For commuter rail, even more so than urban transit, there is a tradeoff involving speed, cost, and coverage. Higher speed is useful all else being equal, but all else is frequently not equal. American commuter rail is on average faster than European and East Asian commuter rail, but fails because relative to the distances people travel and the amount of sprawl it must compete with it is quite slow. Because of the need for higher speed, my previous commuter rail modernization proposals have featured average speeds higher than those that are normally found elsewhere.
That said, speed should be increased by means of better rolling stock, adequate maintenance, and better timetable adherence leading to less schedule padding. The American practice of running low-frequency trains from each suburban station expressing to the main city station makes service worse rather than better. Consider the following practices:
In Paris, RER trains are more or less local. There are some trains skipping stops, but in RATP territory (see schedules here), trains will just skip a few stops, rather than running truly limited-stop. In SNCF territory there are some express trains. In addition, the Transilien trains run on legacy routes even in the city, and run express outside it; often they’ll run nonstop between Paris and the terminus of the parallel RER line.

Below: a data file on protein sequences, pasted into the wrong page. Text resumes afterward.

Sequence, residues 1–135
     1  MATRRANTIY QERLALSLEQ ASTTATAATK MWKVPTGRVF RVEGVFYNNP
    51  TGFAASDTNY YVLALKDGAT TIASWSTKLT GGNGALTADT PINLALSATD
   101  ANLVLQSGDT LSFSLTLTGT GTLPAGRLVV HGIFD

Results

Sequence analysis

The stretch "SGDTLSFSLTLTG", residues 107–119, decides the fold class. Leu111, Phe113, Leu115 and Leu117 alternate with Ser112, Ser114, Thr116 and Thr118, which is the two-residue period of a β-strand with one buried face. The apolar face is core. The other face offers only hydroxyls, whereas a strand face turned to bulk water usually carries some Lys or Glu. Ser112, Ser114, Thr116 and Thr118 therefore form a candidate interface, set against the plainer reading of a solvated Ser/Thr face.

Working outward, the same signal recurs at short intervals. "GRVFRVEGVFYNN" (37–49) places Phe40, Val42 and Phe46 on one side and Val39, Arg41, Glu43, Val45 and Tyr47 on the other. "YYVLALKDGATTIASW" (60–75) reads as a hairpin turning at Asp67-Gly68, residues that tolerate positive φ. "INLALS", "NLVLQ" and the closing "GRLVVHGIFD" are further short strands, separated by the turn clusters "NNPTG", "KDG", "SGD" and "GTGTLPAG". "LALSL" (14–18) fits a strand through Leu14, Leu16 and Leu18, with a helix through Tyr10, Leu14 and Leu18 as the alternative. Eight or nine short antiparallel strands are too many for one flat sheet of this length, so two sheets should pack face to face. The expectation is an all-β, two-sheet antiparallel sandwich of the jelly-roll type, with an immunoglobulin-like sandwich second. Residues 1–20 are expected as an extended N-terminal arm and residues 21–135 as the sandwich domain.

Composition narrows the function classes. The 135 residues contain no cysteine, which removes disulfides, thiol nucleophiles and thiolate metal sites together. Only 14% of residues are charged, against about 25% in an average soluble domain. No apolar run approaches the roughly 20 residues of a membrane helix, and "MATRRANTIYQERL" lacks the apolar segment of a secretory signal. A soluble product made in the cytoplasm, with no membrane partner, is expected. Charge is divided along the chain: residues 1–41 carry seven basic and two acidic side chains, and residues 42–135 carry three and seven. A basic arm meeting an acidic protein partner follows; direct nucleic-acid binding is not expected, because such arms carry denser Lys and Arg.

In Berlin, the S-Bahn lines run local. As in Paris, there are regional lines that are separate from the metro-like S-Bahn, and those make fewer stops in the urban core.
In Tokyo, there are local trains and rapid trains. Local trains make all stops. Rapid trains come in several flavors – they only stop at select stations, but sometimes there are several levels of rapid trains (all on the same tracks). The busiest lines have a track pair dedicated to local trains, and a track pair dedicated to express trains, and then there are usually two consistent express patterns, one more express than the other. The local trains (Yamanote, Keihin-Tohoku, Chuo-Sobu) run on dedicated tracks and are very metro-y in their lack of branching, and the rapid trains run on separate lines and look more legacy, just without the brand separation of France and Germany. In addition, there’s less separation of infrastructure.
For example, the Chuo-Sobu Line has local trains running to Mitaka, and the Chuo Rapid Line has trains making limited stops to Mitaka and local stops farther west as well as trains making limited stops all the way, with timed overtakes at the express stations; the express trains’ stopping pattern is consistent. Consult this schedule for details (click on “interval timetable”).
The speed of all of those lines is quite low – for example, the RER A averages 47 km/h between Boissy-Saint-Léger and Saint-Germain-en-Laye. However, this comes from short station spacing, coming from the fact that they serve dense urban areas, with reasonably dense suburbs. The need for speed in Paris is much less than in Boston or even New York. In Paris, 20-30 kilometers out of the city one already leaves the built-up area. Even in Tokyo, a much larger city, Takao, 53 kilometers from Tokyo Station, is near the end of the urban area. In contrast, Providence is 70 kilometers from Boston, and Ronkonkoma is 80 kilometers from Penn Station.